David Nagahiro is a Principal at CBT and has over 22 years of design and management experience on a broad spectrum of urban design, interiors, and architecture projects. He has worked locally and internationally, and is responsible for CBT’s recent work in the Far East. His experience includes mixed-use, multi-family, commercial, civic, and hospitality projects. David is passionate about high performance buildings, design excellence and an integrated urban design approach to all architectural projects. He is a past Rotch Traveling Scholar, and, in 1999, he was one of five recipients honored with the National Young Architects Award from the American Institute of Architects. David received his Bachelor of Architecture from Washington State University. While at WSU he studied at the Architectural Association in London, England.
Beatrice Nessen is a long time resident of Boston, growing up in Brighton and as an adult living on Beacon Hill. She became actively involved with issues facing Boston’s urban fabric as a result of the Park Plaza Urban Renewal Project. Her advocacy participation has continued as a member of the Park Plaza Citizens Advisory Committee and other environmental, open space, and historic organizations.
Beatrice’s professional career began with environmental regulation policy development at the Department of Environmental Protection and then progressed to project management at the Central Artery Project and at ICON architecture, inc. where she specialized in harbor master planning and public participation.
Beatrice currently serves on the boards of several not-for-profits organizations in Boston area. She is one of the founders of the Garden of Peace, a Massachusetts memorial for homicide victims.
Susan Park serves as president of the Boston Preservation Alliance. She is also the former president and current treasurer of The South End Historical Society, which preserves and promotes the South End neighborhood of Boston - the largest intact Victorian row house district in the country. When not advocating for historical preservation, Ms. Park is president and chief executive officer of Boston Harborfest. It is a private, nonprofit organization which celebrates Boston's colonial and maritime heritage during the Fourth of July holiday. Finally, Ms. Park was a Parks Commisioner for the Boston Parks and Recreation Department.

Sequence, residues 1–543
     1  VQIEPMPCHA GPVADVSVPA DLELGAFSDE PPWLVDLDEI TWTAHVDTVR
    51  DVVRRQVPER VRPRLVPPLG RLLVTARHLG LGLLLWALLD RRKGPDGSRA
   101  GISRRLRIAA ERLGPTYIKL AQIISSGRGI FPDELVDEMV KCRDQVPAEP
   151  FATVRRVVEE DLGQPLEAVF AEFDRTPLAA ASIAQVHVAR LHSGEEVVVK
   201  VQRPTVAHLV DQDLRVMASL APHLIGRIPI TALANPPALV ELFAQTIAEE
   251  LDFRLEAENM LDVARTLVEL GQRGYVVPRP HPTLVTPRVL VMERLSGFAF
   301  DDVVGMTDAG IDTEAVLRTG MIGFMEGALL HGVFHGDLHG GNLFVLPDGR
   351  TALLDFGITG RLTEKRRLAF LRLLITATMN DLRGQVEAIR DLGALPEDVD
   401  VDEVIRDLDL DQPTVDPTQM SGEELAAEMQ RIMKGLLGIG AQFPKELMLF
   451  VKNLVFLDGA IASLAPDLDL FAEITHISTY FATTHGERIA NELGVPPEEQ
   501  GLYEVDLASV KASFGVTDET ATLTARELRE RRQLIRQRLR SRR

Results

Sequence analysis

With 15 years of experience in strategic communications, Diana Pisciotta offers clients a keen ability to create and deploy concise and persuasive messaging through media relations, thought leadership campaigns, online communications, direct outreach to key stakeholders and creative marketing programs. A regular speaker and writer on crisis communications, Diana leads crisis communications workshops and spokesperson trainings for companies and non-profits of all sizes. A member of the Denterlein team for 10 years, Diana previously served as the Communications Manager for Mass Insight/Mass Insight Education, where she focused on Massachusetts education reform and issues of economic competitiveness. Diana also worked with Geri Denterlein for 5 years prior to the founding of the firm; in that role, she managed strategic public policy campaigns for high profile clients, including BankBoston, Harvard Pilgrim, and McLean Hospital, as well as a number of crisis communications clients. A graduate of Boston College, Diana is a practitioner of Ashtanga yoga, a regular hiker, an avid cook and a supporter of Rosie's Place, the Greater Boston Food Bank, Pine Street Inn, and the Institute for Contemporary Art.
Christopher Scoville is a Senior Vice President of Community Development Lending at Eastern Bank in Boston. In this role, he is responsible for originating, structuring, underwriting, and approving financing requests to nonprofit organizations, healthcare and educational insitutions, and affordable housing developers, and to invest the Bank's capital in various state and federal tax credit programs. Chris started his career at Eastern in January of 2006 as a Commecial Real Estate Underwriter for Eastern's predecessor, Wainwright Bank & Trust Co. Prior to that, he held positions as a credit analyst at community banks in Connecticut after graduating from Fairfield University in 2003 with degrees in International Relations, Economics, and Russian. He currently serves as a Trustee of the Benjamin Franklin Institute of Technology, and as a youth mentor in the YearUp program. Chris is a native of Litchfield County, Connecticut and currently resides in Boston's South End. He is an avid reader, gardener, traveler, and a collector of antique automobiles.